This summary offers findings and key lessons from several recent quality-based purchasing activities that can help inform purchasers who are considering similar undertakings. The accompanying description of purchaser activities provides indepth information on the design, implementation, and lessons learned for each of the initiatives.
Engage stakeholders early and often.
The Colorado Business Group on Health's hospital reporting project provides reliable, comparable data on the quality of care provided in hospitals throughout Colorado. The Colorado Business Group on Health found that energizing the business community at the outset was key to the success of its hospital reporting project. The Business Group's Executive Director also worked with several hospital leaders who were willing to pitch the initiative to the State's hospital association.
The Ohio Department of Aging's Long-term Care Consumer Guide Web site at http://www.ltcohio.org/consumer/index.asp allows consumers to search for a nursing home or assisted living facility using geographic and specialty criteria. Consumers can then compare performance based on quality data collected by the Centers for Medicare & Medicaid Services (CMS) and satisfaction surveys conducted by the State. The Ohio Department of Aging established a working group with providers to help foster a sense of trust and reach consensus on difficult decisions. A good working relationship between government and providers contributed to the success of the consumer reporting initiative.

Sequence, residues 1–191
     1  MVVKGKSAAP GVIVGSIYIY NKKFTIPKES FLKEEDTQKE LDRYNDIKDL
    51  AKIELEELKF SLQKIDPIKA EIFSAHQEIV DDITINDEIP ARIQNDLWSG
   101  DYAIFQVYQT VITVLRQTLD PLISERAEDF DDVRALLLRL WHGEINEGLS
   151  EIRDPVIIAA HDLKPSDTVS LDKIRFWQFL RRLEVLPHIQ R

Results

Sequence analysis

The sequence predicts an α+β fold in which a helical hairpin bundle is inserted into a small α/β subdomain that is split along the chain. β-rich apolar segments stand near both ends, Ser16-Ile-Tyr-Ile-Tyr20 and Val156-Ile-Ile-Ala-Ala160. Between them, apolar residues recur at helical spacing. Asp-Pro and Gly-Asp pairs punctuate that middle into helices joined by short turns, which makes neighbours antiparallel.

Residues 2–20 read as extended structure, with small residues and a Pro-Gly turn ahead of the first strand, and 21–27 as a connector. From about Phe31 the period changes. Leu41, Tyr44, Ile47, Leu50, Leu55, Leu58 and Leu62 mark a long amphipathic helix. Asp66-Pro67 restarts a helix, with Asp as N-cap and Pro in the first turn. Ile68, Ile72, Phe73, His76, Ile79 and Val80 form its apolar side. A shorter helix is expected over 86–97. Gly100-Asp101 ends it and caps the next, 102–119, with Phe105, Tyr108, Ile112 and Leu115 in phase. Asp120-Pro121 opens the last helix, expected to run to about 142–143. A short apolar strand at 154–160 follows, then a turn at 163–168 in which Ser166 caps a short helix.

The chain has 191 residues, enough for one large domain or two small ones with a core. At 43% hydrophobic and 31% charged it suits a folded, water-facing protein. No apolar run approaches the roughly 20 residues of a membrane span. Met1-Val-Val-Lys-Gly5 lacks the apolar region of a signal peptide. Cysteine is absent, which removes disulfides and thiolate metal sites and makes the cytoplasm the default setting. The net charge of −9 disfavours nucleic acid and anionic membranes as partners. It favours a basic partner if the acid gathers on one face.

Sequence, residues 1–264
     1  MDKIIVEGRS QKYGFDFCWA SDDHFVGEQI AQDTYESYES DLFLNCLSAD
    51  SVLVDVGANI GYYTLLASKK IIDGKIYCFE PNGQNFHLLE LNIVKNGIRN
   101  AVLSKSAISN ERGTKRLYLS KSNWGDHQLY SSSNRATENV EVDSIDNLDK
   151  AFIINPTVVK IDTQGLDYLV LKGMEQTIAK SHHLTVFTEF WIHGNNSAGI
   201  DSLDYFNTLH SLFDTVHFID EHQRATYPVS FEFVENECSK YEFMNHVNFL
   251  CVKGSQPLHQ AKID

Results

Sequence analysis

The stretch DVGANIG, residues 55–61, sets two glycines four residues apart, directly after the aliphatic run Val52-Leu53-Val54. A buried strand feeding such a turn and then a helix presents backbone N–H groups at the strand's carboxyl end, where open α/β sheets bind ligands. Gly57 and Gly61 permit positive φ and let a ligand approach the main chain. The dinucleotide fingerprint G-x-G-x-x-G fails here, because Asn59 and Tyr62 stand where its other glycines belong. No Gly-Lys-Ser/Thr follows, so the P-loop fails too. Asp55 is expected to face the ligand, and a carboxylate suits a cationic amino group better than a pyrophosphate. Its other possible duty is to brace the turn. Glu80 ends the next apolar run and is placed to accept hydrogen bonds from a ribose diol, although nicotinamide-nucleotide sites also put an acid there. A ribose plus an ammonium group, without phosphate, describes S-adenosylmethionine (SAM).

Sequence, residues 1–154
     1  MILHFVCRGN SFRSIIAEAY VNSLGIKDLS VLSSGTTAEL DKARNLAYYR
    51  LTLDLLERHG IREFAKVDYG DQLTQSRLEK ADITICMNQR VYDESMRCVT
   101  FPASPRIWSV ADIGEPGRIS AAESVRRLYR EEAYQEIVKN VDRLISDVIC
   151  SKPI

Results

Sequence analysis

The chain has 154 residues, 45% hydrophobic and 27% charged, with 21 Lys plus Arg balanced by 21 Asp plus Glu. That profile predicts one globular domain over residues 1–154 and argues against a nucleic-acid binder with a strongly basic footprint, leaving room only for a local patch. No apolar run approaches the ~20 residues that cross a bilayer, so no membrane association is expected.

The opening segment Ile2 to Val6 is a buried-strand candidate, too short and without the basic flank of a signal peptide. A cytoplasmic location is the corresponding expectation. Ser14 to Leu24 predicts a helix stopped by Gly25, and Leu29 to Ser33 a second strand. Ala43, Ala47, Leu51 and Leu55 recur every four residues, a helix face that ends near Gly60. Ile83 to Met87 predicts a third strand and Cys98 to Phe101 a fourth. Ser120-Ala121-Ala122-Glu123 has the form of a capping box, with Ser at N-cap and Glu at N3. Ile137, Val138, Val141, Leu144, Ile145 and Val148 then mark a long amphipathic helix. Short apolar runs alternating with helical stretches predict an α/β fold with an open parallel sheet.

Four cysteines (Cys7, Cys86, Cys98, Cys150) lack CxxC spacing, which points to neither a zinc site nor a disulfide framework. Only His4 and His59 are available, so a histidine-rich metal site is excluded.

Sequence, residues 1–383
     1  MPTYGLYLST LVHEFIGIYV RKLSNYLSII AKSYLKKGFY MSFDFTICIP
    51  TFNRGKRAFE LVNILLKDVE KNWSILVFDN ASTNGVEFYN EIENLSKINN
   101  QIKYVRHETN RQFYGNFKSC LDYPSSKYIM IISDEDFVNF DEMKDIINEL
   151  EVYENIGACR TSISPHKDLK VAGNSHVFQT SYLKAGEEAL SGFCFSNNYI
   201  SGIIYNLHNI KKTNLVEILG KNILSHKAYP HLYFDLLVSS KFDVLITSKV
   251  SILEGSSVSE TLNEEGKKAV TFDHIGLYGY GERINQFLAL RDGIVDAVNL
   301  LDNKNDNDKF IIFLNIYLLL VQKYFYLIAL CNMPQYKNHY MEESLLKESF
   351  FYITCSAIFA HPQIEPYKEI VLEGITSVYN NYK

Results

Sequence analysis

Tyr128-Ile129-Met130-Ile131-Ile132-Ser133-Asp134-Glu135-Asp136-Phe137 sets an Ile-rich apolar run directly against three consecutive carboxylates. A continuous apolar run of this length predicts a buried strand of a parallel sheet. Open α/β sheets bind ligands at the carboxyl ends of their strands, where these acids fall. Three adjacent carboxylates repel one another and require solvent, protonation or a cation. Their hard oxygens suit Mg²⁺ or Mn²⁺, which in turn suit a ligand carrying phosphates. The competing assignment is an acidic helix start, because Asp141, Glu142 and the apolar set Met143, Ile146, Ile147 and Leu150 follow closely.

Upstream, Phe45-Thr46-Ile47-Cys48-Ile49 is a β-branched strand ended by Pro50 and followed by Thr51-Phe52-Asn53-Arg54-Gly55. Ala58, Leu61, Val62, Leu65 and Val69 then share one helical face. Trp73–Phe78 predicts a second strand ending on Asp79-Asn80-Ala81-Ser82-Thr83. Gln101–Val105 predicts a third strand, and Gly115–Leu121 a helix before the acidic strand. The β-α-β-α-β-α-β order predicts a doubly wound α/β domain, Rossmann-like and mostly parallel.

The Maine Health Management Coalition's Pathways to Excellence program includes two separate initiatives that offer financial rewards to primary care physicians and hospitals. These pay-for-performance initiatives include the same quality measures used for the Coalition's public reporting efforts. Consumers who visit the Coalition's Web site (http://www.mhmc.info/) can view the performance of primary care physicians and hospitals in a number of key areas. The Coalition involved physicians up front by creating a steering committee of 14 individual physicians, who helped develop the standards for quality measurement and reporting. The Maine Health Management Coalition engaged the State hospital association at the outset of the hospital reporting initiative; the hospital association then secured agreement from its 34 members in order to move forward.
The Hudson Health Plan's Rewarding Excellence program offers bonus payments to primary care practices and community health centers for every patient who receives high-quality care for several specific conditions. The Plan also has a broader bonus program for overall performance on a set of quality measures that it reports to the New York State Department of Health. The Hudson Health Plan found that once its initiative was underway, frequent communication with providers helped maintain support for the program. The Plan offers providers regular mailings, reports, and visits from provider relations representatives who can help troubleshoot poor performance and assist with projected improvements.
Get help from consultants and experts when possible to supplement small staff and introduce needed expertise.
In developing its consumer Web site, the Maine Health Management Coalition used a national expert in health literacy to balance the medical community's desire to publish detailed, scientific measures with consumers' desire to see a very simple, basic hospital rating system. The Coalition has a small staff, so finding expertise to help implement quality-based purchasing initiatives has been a plus.